Tuesday 21 May 2013


Tennis chums at Oxford: Feldman standing second from left; Cameron standing right

In the late 1970s I decorated my Parka jacket with a "The Who" logo as a bit of jokey retro chic and recollect being shouted at across the street by somebody who must have been a greaser or rocker - "Spastic mod!" was his satirical cry. You don't hear the word "spastic" used as an insult much these days in polite society. In fact it isn't used as a neutral label either for cerebral palsy: hence the Spastics Society long since became "Scope".

It really isn't acceptable to use physical disability labels for offensive purposes and even quite potty-mouthed people steer clear. It isn't just rude - there is now a sort of taboo.

No such taboo attaches to mental illness labels. Thus the alleged use of the term "mad, swivel-eyed loons" by Lord Feldman (or possibly the Prime Minister himself) has certainly landed him in trouble - but not for insulting people with a mental illness but rather for insulting his fellow Conservatives.

What should we make of this and what, if anything, should we do about it?

I don't think it is simple. I doubt I would use those particular words but ordinary, decent people frequently refer to somebody like a politician on the telly who is making bad judgements (or maybe somebody they just disagree with!) as "crazy", sometimes "mad" or even "bonkers".

I notice that most people with a mental illness, including thoughtful and liberal-minded people, also use such terms casually. And some (but much fewer) also use such words to refer specifically to mental illness which I guess is their privilege. When Hafal was being set up and we were looking for a name for the new organisation there was serious consideration, led by a minority of more progressive service users, to adopt a startling name like "MAD" (I think this was going to be an acronym but can't remember what it stood for) or suchlike as a way of moving onto the territory of discrimination and somehow neutralising it (rather as some gay people have adopted the term "queer").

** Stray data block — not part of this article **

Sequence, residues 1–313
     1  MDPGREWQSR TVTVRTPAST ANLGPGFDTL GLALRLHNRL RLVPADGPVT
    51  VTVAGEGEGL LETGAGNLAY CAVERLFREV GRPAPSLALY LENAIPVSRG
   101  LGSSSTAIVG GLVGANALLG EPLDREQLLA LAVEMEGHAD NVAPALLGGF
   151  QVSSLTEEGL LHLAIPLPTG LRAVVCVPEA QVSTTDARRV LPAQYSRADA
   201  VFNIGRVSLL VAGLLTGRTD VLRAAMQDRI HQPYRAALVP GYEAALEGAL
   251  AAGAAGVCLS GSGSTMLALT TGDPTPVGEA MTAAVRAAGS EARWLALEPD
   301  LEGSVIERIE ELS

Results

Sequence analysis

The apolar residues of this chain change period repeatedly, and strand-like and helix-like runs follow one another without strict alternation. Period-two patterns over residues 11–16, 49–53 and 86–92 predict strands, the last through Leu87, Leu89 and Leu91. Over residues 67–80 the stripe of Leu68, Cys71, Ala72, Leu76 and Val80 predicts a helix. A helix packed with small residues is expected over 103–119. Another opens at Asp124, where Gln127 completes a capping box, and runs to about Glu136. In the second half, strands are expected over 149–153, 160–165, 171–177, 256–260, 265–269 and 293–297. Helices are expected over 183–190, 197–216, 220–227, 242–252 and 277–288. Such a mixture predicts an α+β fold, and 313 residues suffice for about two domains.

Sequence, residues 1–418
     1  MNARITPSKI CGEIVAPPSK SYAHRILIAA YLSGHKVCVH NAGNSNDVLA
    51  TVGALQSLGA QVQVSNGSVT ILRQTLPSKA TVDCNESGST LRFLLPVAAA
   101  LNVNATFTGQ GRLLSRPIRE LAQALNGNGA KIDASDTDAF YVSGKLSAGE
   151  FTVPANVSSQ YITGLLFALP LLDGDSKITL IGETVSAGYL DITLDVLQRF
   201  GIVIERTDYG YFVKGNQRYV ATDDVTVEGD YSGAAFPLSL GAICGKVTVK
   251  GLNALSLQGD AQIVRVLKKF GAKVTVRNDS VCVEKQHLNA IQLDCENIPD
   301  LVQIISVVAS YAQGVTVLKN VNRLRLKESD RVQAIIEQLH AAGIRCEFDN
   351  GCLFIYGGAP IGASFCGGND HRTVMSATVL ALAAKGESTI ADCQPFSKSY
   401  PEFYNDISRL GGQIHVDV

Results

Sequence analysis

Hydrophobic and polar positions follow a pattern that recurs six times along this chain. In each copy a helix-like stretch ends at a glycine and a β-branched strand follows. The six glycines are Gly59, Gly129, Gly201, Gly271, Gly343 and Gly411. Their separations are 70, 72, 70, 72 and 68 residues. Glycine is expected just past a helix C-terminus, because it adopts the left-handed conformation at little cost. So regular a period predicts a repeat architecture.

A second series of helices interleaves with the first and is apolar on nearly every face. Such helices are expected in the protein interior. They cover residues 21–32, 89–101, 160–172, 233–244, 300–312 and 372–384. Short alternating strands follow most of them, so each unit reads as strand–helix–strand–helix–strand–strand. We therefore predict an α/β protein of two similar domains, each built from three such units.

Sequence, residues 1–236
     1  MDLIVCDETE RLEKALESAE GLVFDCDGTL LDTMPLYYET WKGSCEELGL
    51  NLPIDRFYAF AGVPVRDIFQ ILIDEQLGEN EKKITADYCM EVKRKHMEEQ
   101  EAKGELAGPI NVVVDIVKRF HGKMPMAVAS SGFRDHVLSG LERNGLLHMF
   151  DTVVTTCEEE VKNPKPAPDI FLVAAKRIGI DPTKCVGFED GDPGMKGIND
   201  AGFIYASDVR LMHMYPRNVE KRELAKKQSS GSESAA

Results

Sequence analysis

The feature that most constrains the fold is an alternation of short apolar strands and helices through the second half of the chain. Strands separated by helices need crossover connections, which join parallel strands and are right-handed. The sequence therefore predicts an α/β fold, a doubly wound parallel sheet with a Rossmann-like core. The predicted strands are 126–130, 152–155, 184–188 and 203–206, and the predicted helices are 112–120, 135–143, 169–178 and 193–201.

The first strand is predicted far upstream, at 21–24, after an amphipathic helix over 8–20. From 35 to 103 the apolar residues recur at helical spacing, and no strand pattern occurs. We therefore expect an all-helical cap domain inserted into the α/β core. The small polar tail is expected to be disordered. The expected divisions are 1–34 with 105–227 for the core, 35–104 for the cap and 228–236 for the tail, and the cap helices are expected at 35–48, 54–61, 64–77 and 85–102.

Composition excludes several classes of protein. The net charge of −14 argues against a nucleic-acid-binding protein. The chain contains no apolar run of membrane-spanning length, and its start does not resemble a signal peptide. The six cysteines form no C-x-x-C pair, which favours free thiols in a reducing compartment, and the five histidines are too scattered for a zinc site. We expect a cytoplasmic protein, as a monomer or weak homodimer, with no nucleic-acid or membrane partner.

Looking at the twittersphere this morning I see that many people with a mental illness are commenting on the "loons" issue. It is noticeable that not much offence is being taken but rather there is a lot of humorous commentary, for example taking mock offence at people with a mental illness being compared to Conservatives. I think this is rather well judged and reminds us that the only people who can effectively counter discrimination are the people who are affected, not bleeding-heart Guardian-readers who are liable to make the wrong judgements on these matters.

Just for the record I was never a mod (too young) and I don't much like The Who although I did once possess a badly scratched LP, one half of the double Quadrophrenia album which somebody must have left in my room when I was a student - pretentious rubbish mainly.